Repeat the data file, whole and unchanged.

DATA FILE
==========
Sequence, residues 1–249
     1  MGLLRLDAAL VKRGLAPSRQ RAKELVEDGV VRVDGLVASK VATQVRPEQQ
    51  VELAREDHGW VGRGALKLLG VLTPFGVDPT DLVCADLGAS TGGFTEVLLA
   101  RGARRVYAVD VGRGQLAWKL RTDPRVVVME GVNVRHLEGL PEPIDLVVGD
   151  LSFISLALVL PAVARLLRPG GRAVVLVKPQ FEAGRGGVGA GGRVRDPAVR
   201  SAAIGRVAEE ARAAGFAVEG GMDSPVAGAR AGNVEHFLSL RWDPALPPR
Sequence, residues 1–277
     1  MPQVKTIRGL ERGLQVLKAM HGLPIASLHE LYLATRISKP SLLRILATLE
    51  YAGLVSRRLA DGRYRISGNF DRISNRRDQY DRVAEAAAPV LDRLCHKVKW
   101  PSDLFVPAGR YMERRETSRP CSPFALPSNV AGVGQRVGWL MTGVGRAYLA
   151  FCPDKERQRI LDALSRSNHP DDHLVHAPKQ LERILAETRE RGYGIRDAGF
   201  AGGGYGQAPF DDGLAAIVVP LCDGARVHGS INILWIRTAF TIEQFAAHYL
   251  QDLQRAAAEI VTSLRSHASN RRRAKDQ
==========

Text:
Sequence, residues 1–249
     1  MGLLRLDAAL VKRGLAPSRQ RAKELVEDGV VRVDGLVASK VATQVRPEQQ
    51  VELAREDHGW VGRGALKLLG VLTPFGVDPT DLVCADLGAS TGGFTEVLLA
   101  RGARRVYAVD VGRGQLAWKL RTDPRVVVME GVNVRHLEGL PEPIDLVVGD
   151  LSFISLALVL PAVARLLRPG GRAVVLVKPQ FEAGRGGVGA GGRVRDPAVR
   201  SAAIGRVAEE ARAAGFAVEG GMDSPVAGAR AGNVEHFLSL RWDPALPPR
Sequence, residues 1–277
     1  MPQVKTIRGL ERGLQVLKAM HGLPIASLHE LYLATRISKP SLLRILATLE
    51  YAGLVSRRLA DGRYRISGNF DRISNRRDQY DRVAEAAAPV LDRLCHKVKW
   101  PSDLFVPAGR YMERRETSRP CSPFALPSNV AGVGQRVGWL MTGVGRAYLA
   151  FCPDKERQRI LDALSRSNHP DDHLVHAPKQ LERILAETRE RGYGIRDAGF
   201  AGGGYGQAPF DDGLAAIVVP LCDGARVHGS INILWIRTAF TIEQFAAHYL
   251  QDLQRAAAEI VTSLRSHASN RRRAKDQ